Let us hope on immigration
“We need Congress to act on a comprehensive approach that finally deals with the 11 million undocumented immigrants who are in this country right now.
“The good news is that – for the first time in many years – Republicans and Democrats seem ready to tackle this problem together. Members of both parties, in both chambers, are actively working on a solution. And yesterday, a bi-partisan group of senators announced their principles for comprehensive immigration reform, which are very much in line with the principles I’ve proposed and campaigned on for the last few years. At this moment, it looks like there’s a genuine desire to get this done soon. And that’s very encouraging.”
– President Obama, announcing his plan for reforming the immigration laws, January 29, 2013
The national discussion over foreign nationals who live and work here without proper legal documents has at last been brought into the public arena for political debate in Washington. It is an issue that for too long has been delayed, resulting in a two-tiered standard of living for many of our neighbors.
In the Boston neighborhoods of Dorchester and Mattapan, there are scores of residents who emigrated to our shores in recent years and continue to reside here without legal authority. Some of them are referred to as “illegals,” but the more proper term is “undocumented,” for they are here without proper documentation.
Calling them illegal is a derisive term that works to dehumanize and portray them as criminals. Truth is, most are persons who traveled here to our country on US State Department-issued non-immigrant visas allowing short term visits, for example as students or tourists, and then made a decision to remain here. When their visas expired they become classified as “overstays,” and fell into an almost anonymous netherworld.
Prior to 1996, overstaying a visa was treated as a relatively minor civil offense. If found to be in the country without legal status, they could be deported, pay a fine, and still apply to reenter the US. But that year Congress passed an imigration reform act imposing harsh new penalties, including barring a return to the US for as many as ten years, and those measures remain in force today.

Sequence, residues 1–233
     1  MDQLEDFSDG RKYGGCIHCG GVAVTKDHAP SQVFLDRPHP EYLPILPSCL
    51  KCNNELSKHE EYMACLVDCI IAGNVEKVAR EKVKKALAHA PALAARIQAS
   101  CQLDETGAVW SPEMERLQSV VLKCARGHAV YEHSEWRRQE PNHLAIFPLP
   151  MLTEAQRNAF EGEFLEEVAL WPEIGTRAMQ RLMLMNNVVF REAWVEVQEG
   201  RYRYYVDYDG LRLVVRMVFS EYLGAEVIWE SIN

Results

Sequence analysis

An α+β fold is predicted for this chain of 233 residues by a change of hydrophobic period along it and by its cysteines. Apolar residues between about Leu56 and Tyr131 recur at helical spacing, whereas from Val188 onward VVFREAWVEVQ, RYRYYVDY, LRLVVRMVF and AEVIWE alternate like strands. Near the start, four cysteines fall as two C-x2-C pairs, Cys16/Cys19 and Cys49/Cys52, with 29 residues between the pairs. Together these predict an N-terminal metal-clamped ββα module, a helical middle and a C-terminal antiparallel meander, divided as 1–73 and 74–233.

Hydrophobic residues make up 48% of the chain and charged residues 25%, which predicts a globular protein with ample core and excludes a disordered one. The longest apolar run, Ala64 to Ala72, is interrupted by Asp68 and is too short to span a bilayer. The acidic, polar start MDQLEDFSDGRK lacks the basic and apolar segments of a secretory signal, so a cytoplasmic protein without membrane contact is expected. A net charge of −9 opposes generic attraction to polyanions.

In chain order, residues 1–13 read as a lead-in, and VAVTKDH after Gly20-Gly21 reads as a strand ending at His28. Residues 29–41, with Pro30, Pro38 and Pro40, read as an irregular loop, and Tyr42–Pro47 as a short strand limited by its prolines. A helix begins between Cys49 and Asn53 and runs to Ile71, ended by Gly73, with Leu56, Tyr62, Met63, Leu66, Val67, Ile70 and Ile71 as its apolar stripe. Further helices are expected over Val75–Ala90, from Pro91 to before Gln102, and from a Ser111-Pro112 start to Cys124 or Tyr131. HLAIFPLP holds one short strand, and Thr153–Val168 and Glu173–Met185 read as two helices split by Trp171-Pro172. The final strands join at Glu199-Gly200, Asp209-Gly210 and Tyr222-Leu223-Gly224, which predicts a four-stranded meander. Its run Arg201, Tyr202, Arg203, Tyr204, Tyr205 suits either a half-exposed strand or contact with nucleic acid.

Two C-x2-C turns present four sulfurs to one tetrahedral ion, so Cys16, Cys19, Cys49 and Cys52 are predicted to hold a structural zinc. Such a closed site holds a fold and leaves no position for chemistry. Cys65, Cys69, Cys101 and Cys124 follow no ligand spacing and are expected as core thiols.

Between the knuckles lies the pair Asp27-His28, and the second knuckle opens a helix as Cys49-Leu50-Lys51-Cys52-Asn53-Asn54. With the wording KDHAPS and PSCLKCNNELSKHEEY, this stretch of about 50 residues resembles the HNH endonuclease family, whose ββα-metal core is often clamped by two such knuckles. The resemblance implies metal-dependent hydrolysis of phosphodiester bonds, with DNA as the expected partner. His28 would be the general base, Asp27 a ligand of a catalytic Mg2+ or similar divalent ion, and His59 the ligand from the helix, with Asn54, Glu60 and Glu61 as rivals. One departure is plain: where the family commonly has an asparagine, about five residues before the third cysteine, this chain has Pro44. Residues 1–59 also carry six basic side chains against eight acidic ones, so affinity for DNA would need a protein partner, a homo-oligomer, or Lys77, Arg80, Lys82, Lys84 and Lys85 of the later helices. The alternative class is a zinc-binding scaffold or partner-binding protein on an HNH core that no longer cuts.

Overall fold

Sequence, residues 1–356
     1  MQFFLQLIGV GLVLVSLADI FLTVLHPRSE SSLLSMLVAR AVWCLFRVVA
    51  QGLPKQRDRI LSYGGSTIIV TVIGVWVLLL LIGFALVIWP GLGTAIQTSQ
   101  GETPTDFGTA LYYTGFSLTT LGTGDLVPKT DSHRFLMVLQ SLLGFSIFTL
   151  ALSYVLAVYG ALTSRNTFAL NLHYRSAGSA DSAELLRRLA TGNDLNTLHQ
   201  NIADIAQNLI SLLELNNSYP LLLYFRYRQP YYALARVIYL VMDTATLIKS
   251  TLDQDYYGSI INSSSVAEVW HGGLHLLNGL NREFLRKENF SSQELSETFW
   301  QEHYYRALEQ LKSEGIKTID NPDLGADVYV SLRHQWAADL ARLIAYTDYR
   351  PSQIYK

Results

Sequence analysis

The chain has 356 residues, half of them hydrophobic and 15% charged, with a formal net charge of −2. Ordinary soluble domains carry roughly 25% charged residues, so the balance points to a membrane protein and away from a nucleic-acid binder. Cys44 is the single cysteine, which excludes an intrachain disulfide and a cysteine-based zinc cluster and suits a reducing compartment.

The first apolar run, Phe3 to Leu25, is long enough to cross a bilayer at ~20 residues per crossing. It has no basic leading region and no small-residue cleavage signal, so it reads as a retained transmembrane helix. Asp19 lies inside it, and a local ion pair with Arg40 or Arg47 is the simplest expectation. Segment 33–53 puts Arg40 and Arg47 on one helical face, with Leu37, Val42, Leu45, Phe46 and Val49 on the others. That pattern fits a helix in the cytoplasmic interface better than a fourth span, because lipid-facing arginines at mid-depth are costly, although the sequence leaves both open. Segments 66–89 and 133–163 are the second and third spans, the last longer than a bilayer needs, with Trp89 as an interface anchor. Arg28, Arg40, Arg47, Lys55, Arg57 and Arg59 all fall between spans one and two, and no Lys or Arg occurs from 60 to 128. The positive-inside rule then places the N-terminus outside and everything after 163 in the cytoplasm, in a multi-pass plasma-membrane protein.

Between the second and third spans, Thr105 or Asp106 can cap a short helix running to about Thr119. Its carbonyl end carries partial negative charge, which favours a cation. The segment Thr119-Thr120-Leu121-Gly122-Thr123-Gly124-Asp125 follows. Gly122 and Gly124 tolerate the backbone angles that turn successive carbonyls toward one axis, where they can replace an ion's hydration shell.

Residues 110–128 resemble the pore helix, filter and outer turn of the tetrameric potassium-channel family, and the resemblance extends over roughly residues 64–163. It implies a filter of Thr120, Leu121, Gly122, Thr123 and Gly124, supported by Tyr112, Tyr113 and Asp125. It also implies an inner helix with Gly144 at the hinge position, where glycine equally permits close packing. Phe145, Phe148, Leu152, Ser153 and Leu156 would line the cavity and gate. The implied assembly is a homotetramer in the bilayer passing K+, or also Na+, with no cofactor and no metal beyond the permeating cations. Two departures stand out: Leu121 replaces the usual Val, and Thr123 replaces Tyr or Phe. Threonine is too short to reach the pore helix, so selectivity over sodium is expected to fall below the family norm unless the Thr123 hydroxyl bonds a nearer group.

The president’s plan for immigration reform announced this week includes four main goals: Continuing to strengthen border security, cracking down on employers hiring undocumented workers, streamlining legal immigration; and enabling such persons to earn citizenship.
It has been eight years since the late Sen. Ted Kennedy and Sen. John McCain authored the McCain-Kennedy bill, and six years since the Secure Borders, Economic Opportunity, and Immigration Reform Act of 2007 was introduced. Those measures and others had substantial support from Democrats and Republicans alike, including President George W. Bush, Sen. Harry Reid, Sen. Lindsey Graham and other senators, the so-called “Gang of 12.”
Each time, compromises were made. And each time, all proposals failed.
This week, a new coalition of senators made known their commitment to move ahead this year with immigration reform. Coming just one day before the president unveiled his proposals before an audience in Texas, there’s the hope that a bipartisan resolution to these issues can be realized in this Congress.
This could be the time when the bickering comes to an end and a realistic resolution to immigration reform becomes a reality. Let us hope.
But let’s remember to not hold our breath.